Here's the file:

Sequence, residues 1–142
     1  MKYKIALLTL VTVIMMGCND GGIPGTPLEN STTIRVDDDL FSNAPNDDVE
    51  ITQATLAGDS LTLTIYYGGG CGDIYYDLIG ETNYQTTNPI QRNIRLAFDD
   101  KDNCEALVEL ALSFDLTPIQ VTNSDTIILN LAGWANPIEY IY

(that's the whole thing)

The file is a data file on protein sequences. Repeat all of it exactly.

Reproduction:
Sequence, residues 1–142
     1  MKYKIALLTL VTVIMMGCND GGIPGTPLEN STTIRVDDDL FSNAPNDDVE
    51  ITQATLAGDS LTLTIYYGGG CGDIYYDLIG ETNYQTTNPI QRNIRLAFDD
   101  KDNCEALVEL ALSFDLTPIQ VTNSDTIILN LAGWANPIEY IY